By Maurice Patton
Where’s Clay County? Columbia Academy football fans want to know.
The Bulldogs, who as late as Friday night were set to make a short trip to Lewisburg for their season opener this weekend against Marshall County, will instead make a 2½-hour drive to Celina and face the reigning Region 4-1A runner-up Bulldogs.
Between Marshall County and Clay County was the possibility of a CA/Knoxville West matchup – one veteran coach Charlie Lansdell eventually thought better of.
“About five minutes before I was going to call and confirm with Knoxville West, I got a text that McEwen and Clay County were also looking for games,” said Lansdell, who found himself without a return game once Marshall County experienced an increase in COVID-19 cases and initiated talks to cancel the upcoming contest following the Tigers’ 41-7 win last year.
“Those two are a little more our size. I thought I’d give Clay County a call and see what they thought, and he (coach Jake Johnson) was open to playing. We talked about it and decided it’d be good for both of us. Another factor – we have Shelbyville in Week 2. A school of our size playing (Class) 5A teams back-to-back, a state semifinalist and a state quarterfinalist, I wanted to be smart.”
Located north of Cookeville, Clay County went 8-4 a year ago, finishing second behind Monterey in league play and falling to South Pittsburg in the second round of the postseason.
Clay County found itself with two unexpected openings, as a pair of neighboring Kentucky programs – Monroe County and Clinton County – were forced to cancel in light of the ongoing coronavirus pandemic.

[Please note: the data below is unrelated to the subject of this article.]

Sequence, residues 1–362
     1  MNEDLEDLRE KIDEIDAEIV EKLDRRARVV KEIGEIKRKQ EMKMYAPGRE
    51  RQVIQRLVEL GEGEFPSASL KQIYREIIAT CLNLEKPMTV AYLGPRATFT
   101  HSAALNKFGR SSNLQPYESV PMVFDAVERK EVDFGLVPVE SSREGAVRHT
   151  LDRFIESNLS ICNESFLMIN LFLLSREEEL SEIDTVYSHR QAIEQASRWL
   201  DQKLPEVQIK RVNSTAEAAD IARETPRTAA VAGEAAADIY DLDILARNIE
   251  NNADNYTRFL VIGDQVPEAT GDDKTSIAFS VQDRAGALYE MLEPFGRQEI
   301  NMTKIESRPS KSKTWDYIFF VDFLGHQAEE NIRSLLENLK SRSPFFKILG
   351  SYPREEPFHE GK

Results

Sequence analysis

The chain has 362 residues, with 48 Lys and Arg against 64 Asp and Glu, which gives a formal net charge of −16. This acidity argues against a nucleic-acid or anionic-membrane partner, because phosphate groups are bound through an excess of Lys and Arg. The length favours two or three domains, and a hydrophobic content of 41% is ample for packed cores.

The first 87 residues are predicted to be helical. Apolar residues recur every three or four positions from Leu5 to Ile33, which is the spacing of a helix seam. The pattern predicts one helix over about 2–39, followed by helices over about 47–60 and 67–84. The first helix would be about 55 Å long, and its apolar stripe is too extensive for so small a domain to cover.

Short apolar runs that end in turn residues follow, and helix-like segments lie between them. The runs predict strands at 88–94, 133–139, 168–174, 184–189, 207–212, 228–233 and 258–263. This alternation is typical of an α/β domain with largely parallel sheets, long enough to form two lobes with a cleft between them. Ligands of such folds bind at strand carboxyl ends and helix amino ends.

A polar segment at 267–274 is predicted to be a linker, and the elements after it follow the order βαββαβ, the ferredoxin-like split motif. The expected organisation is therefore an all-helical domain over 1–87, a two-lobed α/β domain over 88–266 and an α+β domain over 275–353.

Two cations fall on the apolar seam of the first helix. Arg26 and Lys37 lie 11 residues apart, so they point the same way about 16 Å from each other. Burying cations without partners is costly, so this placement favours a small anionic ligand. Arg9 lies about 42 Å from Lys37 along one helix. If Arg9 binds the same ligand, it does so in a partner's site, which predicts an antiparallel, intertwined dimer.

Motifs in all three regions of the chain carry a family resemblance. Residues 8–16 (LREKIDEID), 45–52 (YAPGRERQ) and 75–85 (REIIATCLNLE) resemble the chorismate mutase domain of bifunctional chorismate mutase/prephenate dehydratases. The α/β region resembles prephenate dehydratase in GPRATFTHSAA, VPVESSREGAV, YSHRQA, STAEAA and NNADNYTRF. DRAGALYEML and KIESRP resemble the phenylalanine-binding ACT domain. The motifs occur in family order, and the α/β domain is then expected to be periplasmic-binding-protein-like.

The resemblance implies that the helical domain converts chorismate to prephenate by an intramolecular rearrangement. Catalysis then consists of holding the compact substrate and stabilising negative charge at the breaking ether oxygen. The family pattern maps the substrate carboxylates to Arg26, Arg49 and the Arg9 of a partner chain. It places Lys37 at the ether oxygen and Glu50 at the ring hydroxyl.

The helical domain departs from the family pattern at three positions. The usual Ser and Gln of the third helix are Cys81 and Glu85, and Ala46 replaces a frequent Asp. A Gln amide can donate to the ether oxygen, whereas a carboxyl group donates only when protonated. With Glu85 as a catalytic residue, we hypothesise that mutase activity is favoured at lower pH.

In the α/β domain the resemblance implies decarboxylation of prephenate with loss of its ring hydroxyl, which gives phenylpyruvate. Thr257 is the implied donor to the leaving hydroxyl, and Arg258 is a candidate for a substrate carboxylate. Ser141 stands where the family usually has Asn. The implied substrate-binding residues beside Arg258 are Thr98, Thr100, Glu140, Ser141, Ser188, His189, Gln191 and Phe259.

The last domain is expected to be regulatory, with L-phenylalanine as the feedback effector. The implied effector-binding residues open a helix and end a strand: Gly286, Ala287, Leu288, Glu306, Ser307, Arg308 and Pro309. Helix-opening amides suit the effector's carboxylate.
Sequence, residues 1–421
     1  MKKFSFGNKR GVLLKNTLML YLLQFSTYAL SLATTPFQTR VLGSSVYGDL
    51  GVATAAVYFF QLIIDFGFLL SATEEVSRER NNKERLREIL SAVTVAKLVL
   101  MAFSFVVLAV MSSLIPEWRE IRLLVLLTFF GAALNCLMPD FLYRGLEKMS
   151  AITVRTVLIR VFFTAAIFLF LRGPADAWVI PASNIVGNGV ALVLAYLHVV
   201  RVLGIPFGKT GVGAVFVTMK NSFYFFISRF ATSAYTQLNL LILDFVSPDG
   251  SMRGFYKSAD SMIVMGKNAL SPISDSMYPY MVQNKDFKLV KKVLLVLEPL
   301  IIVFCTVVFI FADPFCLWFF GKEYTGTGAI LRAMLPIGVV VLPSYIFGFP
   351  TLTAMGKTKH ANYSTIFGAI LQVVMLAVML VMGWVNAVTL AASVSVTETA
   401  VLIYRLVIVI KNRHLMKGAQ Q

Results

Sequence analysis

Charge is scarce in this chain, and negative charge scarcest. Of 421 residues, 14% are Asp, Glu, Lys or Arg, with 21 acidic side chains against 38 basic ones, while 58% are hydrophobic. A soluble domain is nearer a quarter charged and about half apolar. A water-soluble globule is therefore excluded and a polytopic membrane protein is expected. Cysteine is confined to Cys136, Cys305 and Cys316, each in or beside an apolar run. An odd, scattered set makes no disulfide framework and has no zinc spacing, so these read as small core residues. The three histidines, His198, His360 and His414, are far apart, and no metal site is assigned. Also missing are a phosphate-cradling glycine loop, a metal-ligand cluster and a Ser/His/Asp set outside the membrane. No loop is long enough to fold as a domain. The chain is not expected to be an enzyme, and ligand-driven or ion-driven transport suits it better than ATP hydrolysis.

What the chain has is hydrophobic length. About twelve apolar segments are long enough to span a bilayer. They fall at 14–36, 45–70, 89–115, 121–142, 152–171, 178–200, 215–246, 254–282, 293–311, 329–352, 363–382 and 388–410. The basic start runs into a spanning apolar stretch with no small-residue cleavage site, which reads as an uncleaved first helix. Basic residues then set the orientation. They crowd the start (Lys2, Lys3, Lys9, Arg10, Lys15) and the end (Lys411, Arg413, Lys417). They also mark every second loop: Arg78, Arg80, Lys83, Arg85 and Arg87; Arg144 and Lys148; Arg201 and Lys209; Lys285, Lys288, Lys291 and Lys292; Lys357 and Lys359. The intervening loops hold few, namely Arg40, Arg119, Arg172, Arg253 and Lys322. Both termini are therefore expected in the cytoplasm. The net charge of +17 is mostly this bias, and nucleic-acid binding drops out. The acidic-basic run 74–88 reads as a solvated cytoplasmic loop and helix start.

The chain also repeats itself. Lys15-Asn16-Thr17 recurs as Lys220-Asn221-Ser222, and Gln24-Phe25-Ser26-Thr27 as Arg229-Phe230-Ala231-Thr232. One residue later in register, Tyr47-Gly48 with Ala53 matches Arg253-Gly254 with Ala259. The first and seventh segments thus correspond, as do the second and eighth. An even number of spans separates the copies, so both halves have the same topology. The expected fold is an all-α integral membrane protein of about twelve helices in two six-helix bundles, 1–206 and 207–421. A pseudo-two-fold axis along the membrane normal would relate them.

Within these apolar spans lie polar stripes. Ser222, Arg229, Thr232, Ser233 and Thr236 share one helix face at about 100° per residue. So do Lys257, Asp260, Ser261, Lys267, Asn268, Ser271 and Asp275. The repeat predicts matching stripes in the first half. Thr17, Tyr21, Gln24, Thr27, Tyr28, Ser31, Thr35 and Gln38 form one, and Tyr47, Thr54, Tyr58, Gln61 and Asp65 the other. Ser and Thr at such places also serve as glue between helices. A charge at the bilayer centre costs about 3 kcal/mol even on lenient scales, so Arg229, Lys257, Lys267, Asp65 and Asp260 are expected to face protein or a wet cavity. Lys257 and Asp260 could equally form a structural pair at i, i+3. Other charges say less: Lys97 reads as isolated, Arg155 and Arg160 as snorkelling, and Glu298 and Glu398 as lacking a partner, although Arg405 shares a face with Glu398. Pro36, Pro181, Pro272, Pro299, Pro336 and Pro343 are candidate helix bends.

“At first Monroe was a go and we weren’t, and then we got opened up and (Kentucky) got shut down till Sept. 11, so we lost two games,” Johnson said. “Unfortunately, the world in general is abnormal to say the least. We hadn’t had any promising offers before Coach Lansdell called.
“You want to compete, (but) you feel better playing against somebody that, numbers-wise, you match up against. We’ve got 30-something kids, they’ve got 30-something kids. We’re going into it essentially blind – no scrimmages, no 7-on-7 — but at some point, the kids have got to play. You just let the chips fall.”
While Clay County may be no match for perennial Class 4A power Marshall County or Knoxville West, Lansdell warned that his Bulldogs will have to be on their toes no less come Friday.
“They had a really good season last year. It’s going to be a challenge,” he said. “We’re still trying to get back to where we need to be. I think this’ll be a good matchup for us.”
Lansdell also warned that being adaptive may be a must this fall.
“I honestly believe we’re going to be dealing with issues on a weekly basis – whether it’s missing kids because of the virus or contact tracing or other teams having to cancel because they’re going through issues,” he said. “We’re going to have to be flexible, stay on top of things as best we can, always put the players’ safety first and try to piece together a season.
“Everything changes, and it could change before Friday night. I think all the coaches understand that. It’s not like coaches are canceling games to avoid competition. It’s all about safety.”
Maurice Patton is the editor for Southern Middle Tennessee Sports. E-mail: email@example.com; Twitter: @mopatton_sports.